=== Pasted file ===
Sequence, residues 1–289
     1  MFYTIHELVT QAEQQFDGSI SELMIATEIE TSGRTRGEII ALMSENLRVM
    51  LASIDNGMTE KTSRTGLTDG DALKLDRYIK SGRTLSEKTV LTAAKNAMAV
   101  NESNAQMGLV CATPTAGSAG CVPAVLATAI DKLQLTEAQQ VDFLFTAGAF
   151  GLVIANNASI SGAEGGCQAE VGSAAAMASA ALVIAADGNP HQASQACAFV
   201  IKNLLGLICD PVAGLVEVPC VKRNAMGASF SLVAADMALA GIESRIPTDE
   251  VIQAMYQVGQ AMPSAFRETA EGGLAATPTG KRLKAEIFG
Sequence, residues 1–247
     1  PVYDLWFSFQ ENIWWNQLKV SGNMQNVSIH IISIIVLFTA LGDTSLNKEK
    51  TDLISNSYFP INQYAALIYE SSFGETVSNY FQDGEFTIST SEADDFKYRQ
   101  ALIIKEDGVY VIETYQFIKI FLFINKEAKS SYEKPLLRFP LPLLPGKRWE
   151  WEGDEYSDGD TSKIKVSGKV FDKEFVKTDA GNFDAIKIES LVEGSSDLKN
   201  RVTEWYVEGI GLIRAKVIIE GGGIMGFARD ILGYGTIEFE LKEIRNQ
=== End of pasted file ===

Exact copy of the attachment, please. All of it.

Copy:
Sequence, residues 1–289
     1  MFYTIHELVT QAEQQFDGSI SELMIATEIE TSGRTRGEII ALMSENLRVM
    51  LASIDNGMTE KTSRTGLTDG DALKLDRYIK SGRTLSEKTV LTAAKNAMAV
   101  NESNAQMGLV CATPTAGSAG CVPAVLATAI DKLQLTEAQQ VDFLFTAGAF
   151  GLVIANNASI SGAEGGCQAE VGSAAAMASA ALVIAADGNP HQASQACAFV
   201  IKNLLGLICD PVAGLVEVPC VKRNAMGASF SLVAADMALA GIESRIPTDE
   251  VIQAMYQVGQ AMPSAFRETA EGGLAATPTG KRLKAEIFG
Sequence, residues 1–247
     1  PVYDLWFSFQ ENIWWNQLKV SGNMQNVSIH IISIIVLFTA LGDTSLNKEK
    51  TDLISNSYFP INQYAALIYE SSFGETVSNY FQDGEFTIST SEADDFKYRQ
   101  ALIIKEDGVY VIETYQFIKI FLFINKEAKS SYEKPLLRFP LPLLPGKRWE
   151  WEGDEYSDGD TSKIKVSGKV FDKEFVKTDA GNFDAIKIES LVEGSSDLKN
   201  RVTEWYVEGI GLIRAKVIIE GGGIMGFARD ILGYGTIEFE LKEIRNQ